Data Protection Bill

Written evidence submitted by the Press Association (DPB11)

This year, the Press Association celebrates its 150th anniversary as the national news agency of the UK and Ireland. The services now offered by the Press Association, which was established in 1868, ensure that the public receives fast accurate news from every corner of the British Isles, including detailed coverage of Parliaments, Assemblies, High Court and Crown Court. Our trusted content reflects every aspect of life from breaking news to sport and entertainment, with a constant stream of verified stories, pictures, video and graphics distributed to newsrooms at home and across the world.

But all the PA’s services will be put at risk by costs sanctions proposed in the Data Protection Bill, which could, and doubtless will, be used to devastating effect against the Press Association as well as all other news agencies and international, national and local newspapers and magazines.

The provisions in the Bill jeopardise our bedrock news services that ensure open government and open justice. The Press Association has – completely lawfully – chosen to join Ipso, the Independent Press Standards Organisation, which is funded by the news industry. Our 400 journalists and editorial staff must adhere to the Editors’ Code of Practice and the standards this sets, over and above the demands of the myriad laws that impact upon reporting. Yet, simply because we have, for reasons of principle, chosen to join Ipso and not a regulator approved under the Royal Charter system, clauses 168 and 169 of the Data Protection Bill will require courts dealing with claims against us of data protection breaches to rule that we must pay all the legal costs – our own and our accuser’s – however false any allegation against us proves to be.

To take just one example of the pernicious consequences of the Bill’s costs sanctions: one of the Press Association’s most important services is reporting on the criminal and civil justice system. The Bill will obstruct this. Many people who are subject to official investigation and court proceedings wish to escape publicity, and try to repress inquiry and report of any investigation, arrest, court proceedings and the outcome, and to prevent photography in streets surrounding the court. They also seek to remove links to published reports and excise them from media archives. They will use any legal means to kill press reports – and this Bill gives them that weapon.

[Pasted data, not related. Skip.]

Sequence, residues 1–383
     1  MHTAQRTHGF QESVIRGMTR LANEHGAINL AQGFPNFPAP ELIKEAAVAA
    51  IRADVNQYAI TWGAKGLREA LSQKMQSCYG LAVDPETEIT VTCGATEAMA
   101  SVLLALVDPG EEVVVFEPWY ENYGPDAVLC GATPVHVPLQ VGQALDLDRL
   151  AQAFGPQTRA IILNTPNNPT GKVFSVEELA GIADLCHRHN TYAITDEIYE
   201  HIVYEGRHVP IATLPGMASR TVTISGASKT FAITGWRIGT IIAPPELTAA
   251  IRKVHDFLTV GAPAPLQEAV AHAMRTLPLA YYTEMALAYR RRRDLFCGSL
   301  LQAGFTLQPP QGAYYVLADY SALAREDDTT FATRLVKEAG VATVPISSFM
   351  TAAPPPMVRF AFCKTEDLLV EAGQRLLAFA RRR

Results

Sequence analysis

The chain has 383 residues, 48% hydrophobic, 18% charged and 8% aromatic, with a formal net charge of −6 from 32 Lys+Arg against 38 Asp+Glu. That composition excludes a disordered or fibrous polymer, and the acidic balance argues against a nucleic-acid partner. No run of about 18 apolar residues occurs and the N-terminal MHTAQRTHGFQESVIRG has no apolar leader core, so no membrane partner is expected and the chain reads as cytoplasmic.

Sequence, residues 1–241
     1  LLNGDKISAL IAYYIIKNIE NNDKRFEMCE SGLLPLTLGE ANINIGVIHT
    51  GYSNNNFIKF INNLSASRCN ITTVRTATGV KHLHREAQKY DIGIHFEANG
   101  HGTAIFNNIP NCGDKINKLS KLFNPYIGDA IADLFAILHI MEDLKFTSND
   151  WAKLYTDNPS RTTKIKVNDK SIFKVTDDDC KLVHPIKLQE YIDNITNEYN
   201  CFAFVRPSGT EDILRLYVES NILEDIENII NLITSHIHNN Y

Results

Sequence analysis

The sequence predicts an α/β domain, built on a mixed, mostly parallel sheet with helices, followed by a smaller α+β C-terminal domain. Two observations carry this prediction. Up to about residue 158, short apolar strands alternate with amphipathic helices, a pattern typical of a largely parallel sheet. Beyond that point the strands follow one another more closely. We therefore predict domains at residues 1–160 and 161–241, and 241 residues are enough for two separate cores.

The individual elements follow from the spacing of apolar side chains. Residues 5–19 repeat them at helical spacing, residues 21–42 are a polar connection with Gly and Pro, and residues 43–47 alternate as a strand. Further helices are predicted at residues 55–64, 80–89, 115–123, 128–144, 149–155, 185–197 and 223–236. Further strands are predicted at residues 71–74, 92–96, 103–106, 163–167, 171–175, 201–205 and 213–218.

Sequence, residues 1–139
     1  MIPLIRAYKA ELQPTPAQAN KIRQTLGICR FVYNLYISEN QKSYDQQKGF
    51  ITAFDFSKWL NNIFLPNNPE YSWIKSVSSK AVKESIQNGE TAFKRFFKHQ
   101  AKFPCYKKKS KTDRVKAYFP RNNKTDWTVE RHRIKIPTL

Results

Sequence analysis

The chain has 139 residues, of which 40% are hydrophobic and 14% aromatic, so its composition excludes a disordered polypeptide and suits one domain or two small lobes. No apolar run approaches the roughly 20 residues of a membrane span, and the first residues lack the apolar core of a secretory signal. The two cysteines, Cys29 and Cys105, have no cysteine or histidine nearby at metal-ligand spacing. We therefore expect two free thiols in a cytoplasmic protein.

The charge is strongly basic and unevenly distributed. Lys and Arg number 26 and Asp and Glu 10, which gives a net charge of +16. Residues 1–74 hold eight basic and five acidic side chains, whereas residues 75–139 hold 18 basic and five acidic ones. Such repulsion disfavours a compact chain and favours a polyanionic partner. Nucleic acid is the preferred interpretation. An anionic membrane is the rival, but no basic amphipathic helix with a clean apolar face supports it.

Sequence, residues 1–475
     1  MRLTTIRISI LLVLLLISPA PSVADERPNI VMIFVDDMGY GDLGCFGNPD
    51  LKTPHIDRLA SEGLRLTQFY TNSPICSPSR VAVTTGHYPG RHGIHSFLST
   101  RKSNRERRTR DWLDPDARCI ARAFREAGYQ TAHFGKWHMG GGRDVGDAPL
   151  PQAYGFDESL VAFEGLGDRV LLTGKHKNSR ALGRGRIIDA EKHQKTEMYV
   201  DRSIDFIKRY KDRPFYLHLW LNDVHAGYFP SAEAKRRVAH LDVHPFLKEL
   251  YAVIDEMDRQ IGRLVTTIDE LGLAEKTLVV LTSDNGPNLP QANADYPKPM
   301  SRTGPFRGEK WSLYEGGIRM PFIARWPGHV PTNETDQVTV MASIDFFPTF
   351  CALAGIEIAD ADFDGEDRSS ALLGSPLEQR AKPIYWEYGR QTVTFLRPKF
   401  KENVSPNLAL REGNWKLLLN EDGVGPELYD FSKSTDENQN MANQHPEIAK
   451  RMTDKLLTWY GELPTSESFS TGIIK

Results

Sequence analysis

Indeed, the Bill’s costs sanctions clauses would even mean that a convicted criminal wishing to deter reporting of his case could launch the most hopeless of data protection claims against the Press Association safe in the knowledge that the court which struck out his claim would also be obliged to order us to pay his legal costs as well as our own.

With the Bill freeing claimants from any liability for costs, the Press Association could face repeated claims, meaning that we could be faced with having to pay costs for claimants, with payments running to tens of thousands of pounds for each case – as well as our own legal costs – even if each time the court vindicated the accuracy and lawfulness of our reporting. Few agencies and media organisations have the resources to withstand such consequences of the Bill.

The Bill’s costs sanctions clauses are not simply a threat to the Press Association’s court reporting services. The Bill is a powerful disincentive to any court coverage by local and national press, which presents a major threat to open justice.

But multiply that threat to our court reporting to the rest of the Press Association’s work as one of the UK’s most respected and trusted news agencies. What other claims - and associated costs liabilities - could be directed at the work of all our 400 journalists and editorial staff, who each week produce 1,000,000 words, 2,000 images and 200 videos, encompassing everything from hard news to the latest entertainment exclusive? The Bill could create a proliferation of data protection claims against us which we would then be forced to fund, simply because we have chosen to be regulated and adhere to a tough regulatory regime over and above the law, but without joining a State-sponsored regulator. That threat applies not just to the Press Association, but to every other news agency, newspaper and magazine, local or national, UK or overseas, in print or online.

We condemn these clauses. They would punish the Press Association for acting lawfully and for reasons of principle. They would impose sanctions upon the Press Association for the most scrupulous, lawful reporting in the public interest. They breach the European Convention on Human Rights, and will seriously chill freedom of expression.

We are delighted that the Government has decided to end the Leveson Inquiry and we now urge similar common sense to be shown by making amendments to the Data Protection Bill to remove the threat to media freedom in the UK

Peter Clifton


March 2018


Prepared 12th March 2018